# In-depth analysis of differential drivers, 4 situations to help you see through~

Differential drivers can be driven by single-ended or differential signals, and today we will analyze both cases using unterminated or terminated signal sources. Figure 1 shows a differential driver driven by a balanced unterminated signal source. This is usually the case for low-impedance signal sources, where the connection distance between the source and the driver is very short.

Differential drivers can be driven by single-ended or differential signals, and today we will analyze both cases using unterminated or terminated signal sources.

01 Differential input, unterminated signal source

Figure 1 shows a differential driver driven by a balanced unterminated signal source. This is usually the case for low-impedance signal sources, where the connection distance between the source and the driver is very short. Figure 1: Differential Input, Unterminated Signal Source

The design input is the source impedance RSGain setting resistor RG1and the desired gain G. Note: The gain is relative to the signal voltage source VSIGTake measurements.

with respect to the signal source VSIGthe total value of the gain setting resistors is equal to RG1+RS/2. In addition, RG2=RG1. Thus, the desired feedback resistor value (RF1=RF2) can be calculated by the following formula: 02 Differential input, termination signal source

In many cases, a differential drive source needs to drive twisted pairs, which must be terminated to their characteristic impedance in order to maintain high bandwidth and minimize reflections, as shown in Figure 2. Figure 2. Differential Input, Terminated Signal Source

The design input is the source impedance RSGain setting resistor RG1and the desired gain G. Note: For the termination case, the gain is the differential voltage with respect to the termination resistor (VIN=VD+CVD-) to measure.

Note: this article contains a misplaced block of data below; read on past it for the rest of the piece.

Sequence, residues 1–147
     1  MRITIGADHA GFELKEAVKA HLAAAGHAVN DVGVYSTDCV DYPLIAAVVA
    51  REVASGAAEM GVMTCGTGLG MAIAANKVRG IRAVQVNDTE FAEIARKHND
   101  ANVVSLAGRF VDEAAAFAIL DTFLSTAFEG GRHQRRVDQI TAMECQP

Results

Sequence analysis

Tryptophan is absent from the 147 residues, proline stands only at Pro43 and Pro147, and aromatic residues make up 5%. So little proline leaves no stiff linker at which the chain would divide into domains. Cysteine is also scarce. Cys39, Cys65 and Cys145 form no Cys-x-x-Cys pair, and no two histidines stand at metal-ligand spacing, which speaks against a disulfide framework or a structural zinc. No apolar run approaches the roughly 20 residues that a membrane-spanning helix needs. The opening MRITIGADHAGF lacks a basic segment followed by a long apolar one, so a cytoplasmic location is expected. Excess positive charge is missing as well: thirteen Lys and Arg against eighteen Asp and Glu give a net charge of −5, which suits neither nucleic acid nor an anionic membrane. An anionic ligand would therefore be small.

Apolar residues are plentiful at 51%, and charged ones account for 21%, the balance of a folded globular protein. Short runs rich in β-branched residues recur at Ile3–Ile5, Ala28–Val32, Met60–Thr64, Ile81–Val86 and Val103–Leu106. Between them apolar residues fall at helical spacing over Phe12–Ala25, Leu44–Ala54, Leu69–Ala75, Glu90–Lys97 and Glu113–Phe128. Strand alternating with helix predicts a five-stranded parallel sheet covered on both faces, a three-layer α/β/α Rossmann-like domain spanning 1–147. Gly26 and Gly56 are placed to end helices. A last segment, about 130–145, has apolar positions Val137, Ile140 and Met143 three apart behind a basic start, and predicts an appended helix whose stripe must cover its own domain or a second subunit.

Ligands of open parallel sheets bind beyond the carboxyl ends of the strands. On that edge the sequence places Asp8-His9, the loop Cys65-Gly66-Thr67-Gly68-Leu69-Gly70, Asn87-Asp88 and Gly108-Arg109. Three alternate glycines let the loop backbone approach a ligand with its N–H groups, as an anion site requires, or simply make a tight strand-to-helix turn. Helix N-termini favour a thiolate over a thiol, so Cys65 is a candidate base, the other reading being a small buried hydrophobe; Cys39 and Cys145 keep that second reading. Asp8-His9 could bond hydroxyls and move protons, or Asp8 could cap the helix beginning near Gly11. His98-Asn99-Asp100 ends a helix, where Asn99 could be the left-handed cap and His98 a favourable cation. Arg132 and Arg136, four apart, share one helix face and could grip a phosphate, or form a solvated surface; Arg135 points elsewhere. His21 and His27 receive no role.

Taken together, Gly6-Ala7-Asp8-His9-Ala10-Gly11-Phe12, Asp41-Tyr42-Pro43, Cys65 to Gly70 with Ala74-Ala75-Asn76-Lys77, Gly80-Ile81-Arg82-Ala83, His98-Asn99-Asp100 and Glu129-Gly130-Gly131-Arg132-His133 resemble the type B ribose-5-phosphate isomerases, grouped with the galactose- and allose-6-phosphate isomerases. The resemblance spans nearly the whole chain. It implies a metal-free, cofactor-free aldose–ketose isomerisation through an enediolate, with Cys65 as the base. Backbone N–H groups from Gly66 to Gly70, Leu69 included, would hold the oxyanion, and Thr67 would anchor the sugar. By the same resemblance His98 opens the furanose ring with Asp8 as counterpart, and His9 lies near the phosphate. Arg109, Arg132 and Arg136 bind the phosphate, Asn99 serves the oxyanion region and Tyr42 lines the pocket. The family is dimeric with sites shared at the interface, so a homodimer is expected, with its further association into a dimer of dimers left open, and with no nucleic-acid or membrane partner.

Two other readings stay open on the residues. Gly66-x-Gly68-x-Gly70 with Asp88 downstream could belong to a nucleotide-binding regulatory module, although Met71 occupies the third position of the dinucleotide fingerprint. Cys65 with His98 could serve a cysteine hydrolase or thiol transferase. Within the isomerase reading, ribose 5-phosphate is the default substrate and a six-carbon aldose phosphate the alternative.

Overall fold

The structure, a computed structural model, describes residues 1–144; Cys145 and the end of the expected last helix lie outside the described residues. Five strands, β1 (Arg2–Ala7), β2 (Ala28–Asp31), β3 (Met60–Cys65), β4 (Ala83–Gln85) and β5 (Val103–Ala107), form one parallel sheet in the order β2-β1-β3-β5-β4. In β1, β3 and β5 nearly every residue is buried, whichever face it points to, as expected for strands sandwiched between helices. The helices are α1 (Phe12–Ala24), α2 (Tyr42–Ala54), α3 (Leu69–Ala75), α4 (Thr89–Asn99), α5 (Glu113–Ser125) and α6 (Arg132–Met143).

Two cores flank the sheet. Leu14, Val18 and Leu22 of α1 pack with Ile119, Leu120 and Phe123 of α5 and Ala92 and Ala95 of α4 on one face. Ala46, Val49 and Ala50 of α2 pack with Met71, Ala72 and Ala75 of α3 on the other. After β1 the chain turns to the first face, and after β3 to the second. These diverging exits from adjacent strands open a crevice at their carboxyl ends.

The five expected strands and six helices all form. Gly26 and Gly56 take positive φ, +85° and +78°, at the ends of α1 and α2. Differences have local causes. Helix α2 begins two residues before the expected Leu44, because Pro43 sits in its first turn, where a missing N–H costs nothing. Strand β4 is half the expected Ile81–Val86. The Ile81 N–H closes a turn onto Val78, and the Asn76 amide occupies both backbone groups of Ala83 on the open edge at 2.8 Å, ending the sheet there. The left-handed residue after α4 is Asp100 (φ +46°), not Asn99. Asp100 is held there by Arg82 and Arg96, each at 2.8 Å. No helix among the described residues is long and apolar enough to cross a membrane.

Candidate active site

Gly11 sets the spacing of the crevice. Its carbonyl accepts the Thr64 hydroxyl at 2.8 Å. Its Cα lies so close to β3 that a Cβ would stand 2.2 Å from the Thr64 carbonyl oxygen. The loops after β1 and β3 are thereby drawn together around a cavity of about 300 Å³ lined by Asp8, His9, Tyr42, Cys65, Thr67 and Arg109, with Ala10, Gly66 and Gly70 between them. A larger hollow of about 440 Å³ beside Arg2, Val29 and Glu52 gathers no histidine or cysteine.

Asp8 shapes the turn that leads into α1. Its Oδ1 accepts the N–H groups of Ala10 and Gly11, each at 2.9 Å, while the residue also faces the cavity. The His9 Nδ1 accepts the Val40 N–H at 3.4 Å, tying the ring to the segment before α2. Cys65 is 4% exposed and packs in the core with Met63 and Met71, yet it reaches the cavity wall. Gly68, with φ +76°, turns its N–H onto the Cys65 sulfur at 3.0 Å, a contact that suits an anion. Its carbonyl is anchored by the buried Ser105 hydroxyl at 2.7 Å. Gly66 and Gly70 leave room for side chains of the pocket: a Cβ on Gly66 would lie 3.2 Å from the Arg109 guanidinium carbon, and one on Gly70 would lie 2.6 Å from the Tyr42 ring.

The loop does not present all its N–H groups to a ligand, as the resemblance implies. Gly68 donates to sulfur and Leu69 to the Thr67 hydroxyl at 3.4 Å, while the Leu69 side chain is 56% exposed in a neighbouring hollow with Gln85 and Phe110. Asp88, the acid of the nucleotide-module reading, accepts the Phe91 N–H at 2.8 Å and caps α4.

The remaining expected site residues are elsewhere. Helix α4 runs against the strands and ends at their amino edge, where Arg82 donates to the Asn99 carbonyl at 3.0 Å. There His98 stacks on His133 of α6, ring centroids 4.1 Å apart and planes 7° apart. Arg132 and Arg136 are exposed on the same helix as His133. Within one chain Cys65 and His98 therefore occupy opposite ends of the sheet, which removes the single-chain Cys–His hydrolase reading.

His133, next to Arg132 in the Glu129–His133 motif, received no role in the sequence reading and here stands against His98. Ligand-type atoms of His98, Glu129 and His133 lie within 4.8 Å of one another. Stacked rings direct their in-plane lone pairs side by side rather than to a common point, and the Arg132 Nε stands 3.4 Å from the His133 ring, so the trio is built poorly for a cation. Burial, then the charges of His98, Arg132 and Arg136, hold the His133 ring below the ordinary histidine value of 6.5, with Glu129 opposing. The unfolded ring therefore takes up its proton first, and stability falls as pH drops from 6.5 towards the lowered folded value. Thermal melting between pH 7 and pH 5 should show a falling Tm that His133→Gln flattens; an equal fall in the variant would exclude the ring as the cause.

For balanced differential drive, the input impedance RINequal to 2RG1. Termination resistor RTChoose according to the following conditions: RT || RIN =RS,or Thus, the desired feedback resistor value (RF1=RF2) can be calculated by the following formula: 03 Single-ended input, unterminated signal source

In many applications, differential amplifiers provide an efficient way to convert single-ended signals to differential signals. Figure 3 shows the case of an unterminated single-ended driver. Figure 3. Single-ended input, unterminated signal source

The design input is the source impedance RSGain setting resistor RG1and the desired gain G. Note: The gain is relative to the signal voltage source VSIGTake measurements.

To prevent VOCMTo produce a bad offset voltage at the differential output, the net impedance seen by the two inputs of the differential amplifier must be equal. therefore, In this way, the feedback resistor value can be calculated by: 04 Single-ended input, terminated signal source

Figure 4 shows a very common application where a single-ended signal source drives a coaxial cable; to minimize reflections and maintain high bandwidth, the coaxial cable must be properly terminated.

The design input is the source impedance RSGain setting resistor RG1and the desired gain G. Note: The gain is relative to the voltage of the termination resistor, VINTake measurements. Figure 4. Single-ended input, terminated signal source

Know the desired gain G, gain setting resistor RG1and signal source resistance RS, calculate the initial value of the feedback resistor RF1A. The final value of this resistor will be slightly higher due to the need to increase RG2to match the input impedance, which will be calculated by the formula below. The calculation process is as follows:  Input voltage VINwith the signal source voltage VSIGHas the following relationship: To calculate the final value of the feedback resistor, use the Thevenin equivalent circuit shown in Figure 5. Figure 5. Thevenin Equivalent Input Circuit

The output voltage can be expressed as a function of the source voltage: